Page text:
Mayor Chokwe A. Lumumba said at a press briefing on Monday, May 10, 2021, that providing services to those experiencing mental distress is vital. Photo courtesy WAPT
While proclaiming May as Mental Health Awareness Month in the City of Jackson, Mayor Chokwe A. Lumumba said that the COVID-19 pandemic has mental-health implications for the capital city’s population.
"[T]hat proclamation seeks not only to identify the ongoing challenges, which communities face with respect to mental health, the ongoing challenges that families and individuals face, but also recognizing the unique moment we have been in over the last several months in the midst of COVID in which all of that has been amplified," Lumumba said at a press briefing on Monday, May 10.
On April 30, President Joe Biden declared May as National Mental Health Awareness Month.
"The COVID-19 pandemic and the resulting economic crisis has impacted the mental health of millions of Americans. Isolation, sickness, grief, job loss, food instability, and loss of routines has increased the need for mental health services," Biden said in a statement. "At the same time, the need to protect people from COVID-19 has made it more challenging for people to access mental health services, and harder for providers to deliver this care."
Lumumba, who announced the lifting of some COVID-19 business restrictions at the media briefing, said that his administration, beginning in April 2020, has continued to run a phone line throughout the pandemic where people can call if they were experiencing emotional distress during the pandemic and plans to continue to provide it in the future.
"We have to be certain that we provide the wraparound support to our community as it relates to mental health," the mayor said. "So, we thought it important not only to establish our hotline as it related to COVID, but I'm grateful for the people who volunteered their time, their service and their talents to help staff our warm line."
Lumumba said the number to call is 601-586-3073, to speak with volunteer "credible messengers," pastors, clinical social workers, substance-abuse professionals, and psychologist between 7 a.m. and 7 p.m, Monday to Friday.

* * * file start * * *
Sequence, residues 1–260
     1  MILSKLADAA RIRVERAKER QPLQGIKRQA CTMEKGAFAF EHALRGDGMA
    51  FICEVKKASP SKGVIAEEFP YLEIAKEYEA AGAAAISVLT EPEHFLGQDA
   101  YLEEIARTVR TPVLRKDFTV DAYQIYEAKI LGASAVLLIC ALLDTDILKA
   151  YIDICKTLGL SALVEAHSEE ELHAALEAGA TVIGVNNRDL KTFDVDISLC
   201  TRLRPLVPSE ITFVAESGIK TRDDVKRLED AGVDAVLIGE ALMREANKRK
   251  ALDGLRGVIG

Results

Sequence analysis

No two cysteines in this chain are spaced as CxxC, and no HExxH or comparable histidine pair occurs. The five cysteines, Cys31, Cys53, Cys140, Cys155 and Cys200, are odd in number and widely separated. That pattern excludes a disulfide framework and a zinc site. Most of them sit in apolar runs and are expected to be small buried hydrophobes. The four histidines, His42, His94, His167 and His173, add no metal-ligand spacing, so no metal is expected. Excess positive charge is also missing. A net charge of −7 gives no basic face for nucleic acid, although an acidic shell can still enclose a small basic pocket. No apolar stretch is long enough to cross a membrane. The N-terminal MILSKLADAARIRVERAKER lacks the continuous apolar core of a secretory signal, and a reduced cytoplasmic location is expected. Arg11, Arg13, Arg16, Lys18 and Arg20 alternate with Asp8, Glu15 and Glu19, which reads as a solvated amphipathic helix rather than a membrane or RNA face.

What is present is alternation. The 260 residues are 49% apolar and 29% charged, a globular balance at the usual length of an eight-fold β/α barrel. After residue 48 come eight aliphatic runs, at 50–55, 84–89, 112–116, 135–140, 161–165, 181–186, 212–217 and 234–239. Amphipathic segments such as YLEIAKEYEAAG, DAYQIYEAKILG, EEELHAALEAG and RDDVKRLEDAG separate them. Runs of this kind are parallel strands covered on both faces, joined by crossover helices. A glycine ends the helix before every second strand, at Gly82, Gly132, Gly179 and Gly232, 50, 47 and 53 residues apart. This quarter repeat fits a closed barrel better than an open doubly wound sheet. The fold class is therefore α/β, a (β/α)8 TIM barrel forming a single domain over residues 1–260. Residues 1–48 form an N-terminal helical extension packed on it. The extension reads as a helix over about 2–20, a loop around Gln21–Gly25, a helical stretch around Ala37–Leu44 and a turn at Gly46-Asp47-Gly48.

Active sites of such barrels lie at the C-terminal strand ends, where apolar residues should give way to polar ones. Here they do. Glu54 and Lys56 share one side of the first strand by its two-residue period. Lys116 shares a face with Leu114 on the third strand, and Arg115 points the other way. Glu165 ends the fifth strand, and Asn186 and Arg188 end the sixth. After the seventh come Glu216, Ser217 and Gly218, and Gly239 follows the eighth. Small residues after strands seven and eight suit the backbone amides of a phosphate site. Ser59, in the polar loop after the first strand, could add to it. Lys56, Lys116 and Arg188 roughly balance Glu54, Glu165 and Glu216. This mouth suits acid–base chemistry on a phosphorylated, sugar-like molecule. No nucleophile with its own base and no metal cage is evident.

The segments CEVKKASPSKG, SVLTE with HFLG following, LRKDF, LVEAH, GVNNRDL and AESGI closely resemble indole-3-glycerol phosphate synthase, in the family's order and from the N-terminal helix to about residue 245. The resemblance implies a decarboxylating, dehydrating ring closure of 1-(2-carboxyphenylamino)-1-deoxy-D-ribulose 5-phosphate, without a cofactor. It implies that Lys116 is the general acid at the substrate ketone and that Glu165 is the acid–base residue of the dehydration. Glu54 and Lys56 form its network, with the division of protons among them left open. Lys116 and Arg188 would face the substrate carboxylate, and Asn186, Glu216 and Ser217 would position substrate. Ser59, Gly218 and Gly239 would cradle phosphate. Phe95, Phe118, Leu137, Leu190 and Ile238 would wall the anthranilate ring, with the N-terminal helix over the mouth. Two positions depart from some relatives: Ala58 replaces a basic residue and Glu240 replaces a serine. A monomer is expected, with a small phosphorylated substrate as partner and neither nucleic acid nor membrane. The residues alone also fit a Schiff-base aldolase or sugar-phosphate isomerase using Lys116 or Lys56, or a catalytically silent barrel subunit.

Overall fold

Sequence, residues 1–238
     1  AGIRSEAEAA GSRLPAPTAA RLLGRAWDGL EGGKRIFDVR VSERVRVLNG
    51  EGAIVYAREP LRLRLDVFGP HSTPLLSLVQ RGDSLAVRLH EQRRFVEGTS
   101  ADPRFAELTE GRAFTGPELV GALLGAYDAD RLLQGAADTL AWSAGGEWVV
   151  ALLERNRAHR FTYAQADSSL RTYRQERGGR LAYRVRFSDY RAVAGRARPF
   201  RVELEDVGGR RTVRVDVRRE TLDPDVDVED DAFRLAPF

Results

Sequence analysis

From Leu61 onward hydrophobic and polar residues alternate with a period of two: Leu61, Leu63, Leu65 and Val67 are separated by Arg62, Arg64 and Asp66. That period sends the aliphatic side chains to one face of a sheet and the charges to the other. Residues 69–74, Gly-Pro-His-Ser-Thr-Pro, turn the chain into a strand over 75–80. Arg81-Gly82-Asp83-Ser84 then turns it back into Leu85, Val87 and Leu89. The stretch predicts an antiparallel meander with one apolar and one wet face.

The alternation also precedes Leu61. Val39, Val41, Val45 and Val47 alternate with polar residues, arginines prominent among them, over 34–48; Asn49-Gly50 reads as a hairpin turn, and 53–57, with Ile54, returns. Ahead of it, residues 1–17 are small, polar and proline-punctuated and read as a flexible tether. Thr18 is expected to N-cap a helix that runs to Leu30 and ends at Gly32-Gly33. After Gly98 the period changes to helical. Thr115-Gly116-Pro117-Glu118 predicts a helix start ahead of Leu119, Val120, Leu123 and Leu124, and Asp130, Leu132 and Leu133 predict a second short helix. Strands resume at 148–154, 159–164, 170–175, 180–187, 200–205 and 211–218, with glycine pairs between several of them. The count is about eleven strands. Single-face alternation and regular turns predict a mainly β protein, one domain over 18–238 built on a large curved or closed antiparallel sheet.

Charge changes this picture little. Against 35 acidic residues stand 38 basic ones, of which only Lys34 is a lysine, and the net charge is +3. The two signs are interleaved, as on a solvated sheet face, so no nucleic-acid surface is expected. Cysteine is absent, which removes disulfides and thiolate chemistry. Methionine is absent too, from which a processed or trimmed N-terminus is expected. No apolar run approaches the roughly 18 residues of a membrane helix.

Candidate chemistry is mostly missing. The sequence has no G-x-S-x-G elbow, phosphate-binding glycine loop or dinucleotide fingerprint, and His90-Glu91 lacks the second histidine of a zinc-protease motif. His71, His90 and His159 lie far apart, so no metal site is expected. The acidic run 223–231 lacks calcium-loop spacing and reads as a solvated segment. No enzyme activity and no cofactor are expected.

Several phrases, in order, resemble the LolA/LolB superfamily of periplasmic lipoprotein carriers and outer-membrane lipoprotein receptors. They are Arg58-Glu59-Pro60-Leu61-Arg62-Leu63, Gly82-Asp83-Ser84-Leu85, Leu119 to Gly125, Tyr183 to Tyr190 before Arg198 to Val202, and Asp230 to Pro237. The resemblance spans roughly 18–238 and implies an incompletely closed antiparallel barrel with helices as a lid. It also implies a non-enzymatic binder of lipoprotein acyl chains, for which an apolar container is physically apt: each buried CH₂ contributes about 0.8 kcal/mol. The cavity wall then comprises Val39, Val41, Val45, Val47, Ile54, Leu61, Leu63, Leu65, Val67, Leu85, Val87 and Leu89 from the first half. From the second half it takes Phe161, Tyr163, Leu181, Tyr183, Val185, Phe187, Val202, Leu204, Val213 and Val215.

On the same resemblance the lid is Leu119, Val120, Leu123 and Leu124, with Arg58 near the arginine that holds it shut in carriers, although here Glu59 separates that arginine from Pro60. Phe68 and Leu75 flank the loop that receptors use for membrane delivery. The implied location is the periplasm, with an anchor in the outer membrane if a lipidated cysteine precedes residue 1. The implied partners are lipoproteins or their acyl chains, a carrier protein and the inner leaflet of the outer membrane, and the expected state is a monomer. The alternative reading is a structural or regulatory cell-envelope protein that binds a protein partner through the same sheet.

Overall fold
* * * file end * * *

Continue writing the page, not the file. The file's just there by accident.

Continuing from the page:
"[N]early one in five Americans (live) with mental-health conditions (and) the COVID-19 pandemic and the resulting economic crisis have significantly increased the incidence of people experiencing feelings of anxiety and depression," the proclamation said. "One-half of all chronic mental illness begins by the age of 14 and three-quarters by the age 24."
"[T]he Centers for Disease Control and Prevention reported in February 2021 that suicide is the 10th leading cause of death in the United States and the second leading cause among young youth; these rates are disproportionately high among black youth and LGBTQI persons," it added. “[P]ublic education and efforts to raise awareness are critical to improve the lives of individuals and families struggling with mental health conditions in the city of Jackson."
Free one-hour fitness classes are available from May 25 to July 24 at the "Fitlot" at Parham Bridges Park at 5055 Old Canton Road. AARP sponsored the fitness lot, which opened in October 2019.
Parks and Recreation Department Director Ison Harris said that the department put training plans on hold because of the pandemic. "[Y]ou have to call and register and these classes," he said at the press briefing. "Because all the classes will be limited inside probably eight to 10 people. We will have certified fitness instructors who will actually be there teaching those classes." The number to call is 601-960-0655.
Email story tips to city/county reporter Kayode Crown at [email protected]. Follow him on Twitter at @kayodecrown.